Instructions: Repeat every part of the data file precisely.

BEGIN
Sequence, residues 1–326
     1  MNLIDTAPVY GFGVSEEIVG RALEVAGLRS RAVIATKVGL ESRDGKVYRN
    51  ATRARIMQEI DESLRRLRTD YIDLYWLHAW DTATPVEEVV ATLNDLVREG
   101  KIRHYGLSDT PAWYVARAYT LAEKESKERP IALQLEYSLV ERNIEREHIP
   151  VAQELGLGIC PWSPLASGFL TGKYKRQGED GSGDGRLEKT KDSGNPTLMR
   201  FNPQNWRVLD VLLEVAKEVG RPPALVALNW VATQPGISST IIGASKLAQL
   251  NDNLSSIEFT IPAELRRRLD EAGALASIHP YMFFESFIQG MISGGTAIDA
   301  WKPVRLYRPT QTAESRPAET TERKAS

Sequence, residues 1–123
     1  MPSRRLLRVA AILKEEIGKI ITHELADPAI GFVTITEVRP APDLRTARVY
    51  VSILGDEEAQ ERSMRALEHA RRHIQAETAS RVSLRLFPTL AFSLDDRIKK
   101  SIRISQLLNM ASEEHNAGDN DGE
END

Sequence, residues 1–326
     1  MNLIDTAPVY GFGVSEEIVG RALEVAGLRS RAVIATKVGL ESRDGKVYRN
    51  ATRARIMQEI DESLRRLRTD YIDLYWLHAW DTATPVEEVV ATLNDLVREG
   101  KIRHYGLSDT PAWYVARAYT LAEKESKERP IALQLEYSLV ERNIEREHIP
   151  VAQELGLGIC PWSPLASGFL TGKYKRQGED GSGDGRLEKT KDSGNPTLMR
   201  FNPQNWRVLD VLLEVAKEVG RPPALVALNW VATQPGISST IIGASKLAQL
   251  NDNLSSIEFT IPAELRRRLD EAGALASIHP YMFFESFIQG MISGGTAIDA
   301  WKPVRLYRPT QTAESRPAET TERKAS

Sequence, residues 1–123
     1  MPSRRLLRVA AILKEEIGKI ITHELADPAI GFVTITEVRP APDLRTARVY
    51  VSILGDEEAQ ERSMRALEHA RRHIQAETAS RVSLRLFPTL AFSLDDRIKK
   101  SIRISQLLNM ASEEHNAGDN DGE